Polish Language Encoding and Fonts

It is difficult to write (and speak) the Polish language because of weird fonts and difficult characters. Since the early 80s, when computers became common tools for more and more people, there have been constant problems accommodating Polish fonts on display screens and printers.

Polish Letter Encoding

Even today, proper Polish letters are not automatically displayed and printed on every computer (unless the computer is located in Poland).

In order to view the correct Polish fonts while surfing the net, you need to make sure your web browser is set up properly.

Polish Letter Encoding - Follow These Steps:

From the browser menu select [VIEW], then [ENCODING], and [CENTRAL EUROPEAN - ISO 8859-2]

Alternatively, you may follow these steps:

From the browser menu select [VIEW], then [CHARACTER SET], and [CENTRAL EUROPEAN - ISO]

Below is an example of what a proper Polish sentence should look like:

Properly displayed Polish letters

The same sentence without decoding of some of the Polish letters:

Improper encoding of Polish letters

The same sentence written without the use of the Polish letters:

No Polish letters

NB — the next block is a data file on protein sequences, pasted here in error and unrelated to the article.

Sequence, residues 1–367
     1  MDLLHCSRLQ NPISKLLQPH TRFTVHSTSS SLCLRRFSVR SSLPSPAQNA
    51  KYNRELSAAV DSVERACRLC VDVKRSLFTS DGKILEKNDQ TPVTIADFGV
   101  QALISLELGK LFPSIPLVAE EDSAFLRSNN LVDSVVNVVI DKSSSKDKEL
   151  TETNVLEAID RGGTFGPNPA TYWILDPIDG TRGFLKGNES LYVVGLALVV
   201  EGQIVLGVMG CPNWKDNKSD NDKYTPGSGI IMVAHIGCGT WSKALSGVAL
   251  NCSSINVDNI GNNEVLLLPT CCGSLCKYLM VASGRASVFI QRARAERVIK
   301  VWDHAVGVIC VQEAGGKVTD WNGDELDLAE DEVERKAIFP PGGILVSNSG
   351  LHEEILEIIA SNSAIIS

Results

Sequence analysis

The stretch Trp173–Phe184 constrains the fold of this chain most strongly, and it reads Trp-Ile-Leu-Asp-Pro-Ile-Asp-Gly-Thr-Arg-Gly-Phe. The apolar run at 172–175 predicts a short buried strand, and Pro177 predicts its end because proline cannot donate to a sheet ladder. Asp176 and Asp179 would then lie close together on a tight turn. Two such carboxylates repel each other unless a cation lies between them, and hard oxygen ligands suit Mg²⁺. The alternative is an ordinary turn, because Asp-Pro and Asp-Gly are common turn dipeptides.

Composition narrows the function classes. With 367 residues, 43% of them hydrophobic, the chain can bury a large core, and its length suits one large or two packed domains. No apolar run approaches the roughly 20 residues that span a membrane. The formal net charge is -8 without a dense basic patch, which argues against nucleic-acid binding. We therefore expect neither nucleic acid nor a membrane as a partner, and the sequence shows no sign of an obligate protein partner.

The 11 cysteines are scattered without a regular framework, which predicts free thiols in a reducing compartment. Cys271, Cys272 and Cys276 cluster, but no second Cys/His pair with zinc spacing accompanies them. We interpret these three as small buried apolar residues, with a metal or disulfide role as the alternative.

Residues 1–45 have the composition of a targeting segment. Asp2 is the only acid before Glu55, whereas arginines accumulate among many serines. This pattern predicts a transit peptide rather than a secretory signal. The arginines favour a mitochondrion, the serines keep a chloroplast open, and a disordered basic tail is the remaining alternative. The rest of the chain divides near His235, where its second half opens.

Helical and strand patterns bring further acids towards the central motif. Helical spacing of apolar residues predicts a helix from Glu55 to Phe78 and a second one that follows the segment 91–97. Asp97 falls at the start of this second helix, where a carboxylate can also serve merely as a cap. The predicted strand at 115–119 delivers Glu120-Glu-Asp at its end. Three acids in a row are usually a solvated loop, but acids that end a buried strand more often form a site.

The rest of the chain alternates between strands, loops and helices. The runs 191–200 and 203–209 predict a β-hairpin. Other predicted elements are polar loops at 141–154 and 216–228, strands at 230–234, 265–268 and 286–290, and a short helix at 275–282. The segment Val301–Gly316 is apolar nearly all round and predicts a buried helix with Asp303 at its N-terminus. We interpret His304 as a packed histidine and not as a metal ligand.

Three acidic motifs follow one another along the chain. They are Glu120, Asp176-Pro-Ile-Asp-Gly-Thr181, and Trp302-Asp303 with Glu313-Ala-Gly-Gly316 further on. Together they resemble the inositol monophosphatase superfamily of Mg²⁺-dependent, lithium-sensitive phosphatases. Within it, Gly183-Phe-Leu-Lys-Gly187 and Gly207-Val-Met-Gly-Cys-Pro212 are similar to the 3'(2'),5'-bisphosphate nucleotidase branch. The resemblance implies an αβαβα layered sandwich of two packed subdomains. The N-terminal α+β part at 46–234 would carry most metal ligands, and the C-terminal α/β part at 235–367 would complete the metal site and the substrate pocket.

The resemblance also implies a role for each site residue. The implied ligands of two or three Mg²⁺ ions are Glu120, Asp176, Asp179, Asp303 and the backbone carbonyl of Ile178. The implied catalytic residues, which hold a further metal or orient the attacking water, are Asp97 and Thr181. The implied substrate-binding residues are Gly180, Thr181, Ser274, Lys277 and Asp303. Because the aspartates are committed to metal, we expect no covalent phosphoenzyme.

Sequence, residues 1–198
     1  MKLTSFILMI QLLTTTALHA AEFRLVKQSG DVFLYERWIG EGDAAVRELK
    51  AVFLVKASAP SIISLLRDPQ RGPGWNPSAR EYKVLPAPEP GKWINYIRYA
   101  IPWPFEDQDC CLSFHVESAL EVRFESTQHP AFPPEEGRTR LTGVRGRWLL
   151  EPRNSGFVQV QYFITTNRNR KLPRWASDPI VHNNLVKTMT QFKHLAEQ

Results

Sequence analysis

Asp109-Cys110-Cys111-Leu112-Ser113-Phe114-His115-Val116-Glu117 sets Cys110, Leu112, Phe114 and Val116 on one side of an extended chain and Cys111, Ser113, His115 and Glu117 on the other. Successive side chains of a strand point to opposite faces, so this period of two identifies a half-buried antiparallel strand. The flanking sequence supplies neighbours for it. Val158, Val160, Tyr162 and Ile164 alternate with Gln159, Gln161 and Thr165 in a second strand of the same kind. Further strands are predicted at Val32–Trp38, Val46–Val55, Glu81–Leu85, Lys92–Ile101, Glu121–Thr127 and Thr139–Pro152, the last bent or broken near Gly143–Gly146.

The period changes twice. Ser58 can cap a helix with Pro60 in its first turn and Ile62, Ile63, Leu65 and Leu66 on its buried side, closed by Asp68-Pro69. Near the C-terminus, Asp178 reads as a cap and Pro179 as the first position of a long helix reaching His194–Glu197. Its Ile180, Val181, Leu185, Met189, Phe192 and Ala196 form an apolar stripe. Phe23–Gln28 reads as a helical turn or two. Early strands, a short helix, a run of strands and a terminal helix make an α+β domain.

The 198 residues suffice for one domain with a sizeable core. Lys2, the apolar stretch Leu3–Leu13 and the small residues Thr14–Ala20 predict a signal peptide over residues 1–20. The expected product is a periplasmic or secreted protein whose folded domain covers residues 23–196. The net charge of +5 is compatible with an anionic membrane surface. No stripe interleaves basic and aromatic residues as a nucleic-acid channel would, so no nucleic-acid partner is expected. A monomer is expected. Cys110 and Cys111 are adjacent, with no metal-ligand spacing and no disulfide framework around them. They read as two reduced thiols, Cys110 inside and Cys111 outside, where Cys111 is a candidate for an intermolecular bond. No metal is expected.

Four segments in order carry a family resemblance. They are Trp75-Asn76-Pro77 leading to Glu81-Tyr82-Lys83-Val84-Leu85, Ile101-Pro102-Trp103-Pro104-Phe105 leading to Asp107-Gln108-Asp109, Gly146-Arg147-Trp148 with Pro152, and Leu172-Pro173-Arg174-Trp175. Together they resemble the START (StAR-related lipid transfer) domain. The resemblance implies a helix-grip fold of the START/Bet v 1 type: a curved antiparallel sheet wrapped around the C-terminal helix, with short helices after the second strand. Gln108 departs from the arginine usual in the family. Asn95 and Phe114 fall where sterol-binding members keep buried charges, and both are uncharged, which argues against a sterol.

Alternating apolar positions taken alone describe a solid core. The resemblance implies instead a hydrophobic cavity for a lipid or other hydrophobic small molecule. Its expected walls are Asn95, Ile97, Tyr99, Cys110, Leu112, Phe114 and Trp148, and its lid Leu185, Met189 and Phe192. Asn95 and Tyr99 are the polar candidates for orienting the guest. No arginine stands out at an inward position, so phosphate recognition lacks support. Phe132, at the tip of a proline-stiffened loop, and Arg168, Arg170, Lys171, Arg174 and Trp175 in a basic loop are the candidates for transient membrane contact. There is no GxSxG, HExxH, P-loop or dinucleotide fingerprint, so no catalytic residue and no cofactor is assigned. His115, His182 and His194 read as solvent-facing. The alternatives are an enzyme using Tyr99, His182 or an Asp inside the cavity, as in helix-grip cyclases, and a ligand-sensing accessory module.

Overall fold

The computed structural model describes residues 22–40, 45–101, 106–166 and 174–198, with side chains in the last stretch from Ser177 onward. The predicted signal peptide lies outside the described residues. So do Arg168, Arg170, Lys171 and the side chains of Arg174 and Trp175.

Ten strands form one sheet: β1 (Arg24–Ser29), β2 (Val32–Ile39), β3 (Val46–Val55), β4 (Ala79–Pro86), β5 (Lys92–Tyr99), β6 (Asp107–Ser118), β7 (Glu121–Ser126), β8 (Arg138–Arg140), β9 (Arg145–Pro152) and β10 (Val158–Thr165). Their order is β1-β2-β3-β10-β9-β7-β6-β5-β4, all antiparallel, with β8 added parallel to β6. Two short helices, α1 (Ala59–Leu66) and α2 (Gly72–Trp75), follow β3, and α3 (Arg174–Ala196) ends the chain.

Nowadays, especially when writing emails, Polish people living abroad tend not to use Polish letters at all because it is inconvenient (very few computers are equipped with special software that allows to write and to encode the Polish characters) and because 99% of the Polish recipients will fully understand the message written without Polish letters.

On the other hand, it is not easy to understand improperly decoded text, so one must either make sure the Polish text will be properly decoded or write without using the Polish letters.

If you want to be sure your English to Polish translation displays the Polish letters correctly, you may request a copy of the translated text in PDF format or MS Word (DOC) format (some unexpected restrictions may apply).